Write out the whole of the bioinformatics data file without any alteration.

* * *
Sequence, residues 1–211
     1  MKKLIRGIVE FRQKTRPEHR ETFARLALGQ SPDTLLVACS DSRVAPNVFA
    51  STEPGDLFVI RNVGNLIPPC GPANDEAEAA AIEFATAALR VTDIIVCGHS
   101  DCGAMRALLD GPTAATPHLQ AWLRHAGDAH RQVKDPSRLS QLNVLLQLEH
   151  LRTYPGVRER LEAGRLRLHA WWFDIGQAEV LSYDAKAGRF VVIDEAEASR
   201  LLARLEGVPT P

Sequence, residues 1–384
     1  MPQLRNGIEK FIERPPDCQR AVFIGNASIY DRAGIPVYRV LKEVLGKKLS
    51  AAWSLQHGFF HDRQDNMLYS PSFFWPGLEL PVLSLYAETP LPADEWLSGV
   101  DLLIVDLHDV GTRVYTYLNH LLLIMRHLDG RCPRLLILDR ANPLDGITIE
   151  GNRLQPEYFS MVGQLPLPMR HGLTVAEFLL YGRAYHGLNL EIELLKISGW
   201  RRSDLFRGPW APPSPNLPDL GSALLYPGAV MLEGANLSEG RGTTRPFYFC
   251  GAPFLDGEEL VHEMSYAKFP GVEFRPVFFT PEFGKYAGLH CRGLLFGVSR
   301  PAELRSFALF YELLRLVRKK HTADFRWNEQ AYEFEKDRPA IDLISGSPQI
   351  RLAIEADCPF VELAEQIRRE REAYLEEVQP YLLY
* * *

Sequence, residues 1–211
     1  MKKLIRGIVE FRQKTRPEHR ETFARLALGQ SPDTLLVACS DSRVAPNVFA
    51  STEPGDLFVI RNVGNLIPPC GPANDEAEAA AIEFATAALR VTDIIVCGHS
   101  DCGAMRALLD GPTAATPHLQ AWLRHAGDAH RQVKDPSRLS QLNVLLQLEH
   151  LRTYPGVRER LEAGRLRLHA WWFDIGQAEV LSYDAKAGRF VVIDEAEASR
   201  LLARLEGVPT P

Sequence, residues 1–384
     1  MPQLRNGIEK FIERPPDCQR AVFIGNASIY DRAGIPVYRV LKEVLGKKLS
    51  AAWSLQHGFF HDRQDNMLYS PSFFWPGLEL PVLSLYAETP LPADEWLSGV
   101  DLLIVDLHDV GTRVYTYLNH LLLIMRHLDG RCPRLLILDR ANPLDGITIE
   151  GNRLQPEYFS MVGQLPLPMR HGLTVAEFLL YGRAYHGLNL EIELLKISGW
   201  RRSDLFRGPW APPSPNLPDL GSALLYPGAV MLEGANLSEG RGTTRPFYFC
   251  GAPFLDGEEL VHEMSYAKFP GVEFRPVFFT PEFGKYAGLH CRGLLFGVSR
   301  PAELRSFALF YELLRLVRKK HTADFRWNEQ AYEFEKDRPA IDLISGSPQI
   351  RLAIEADCPF VELAEQIRRE REAYLEEVQP YLLY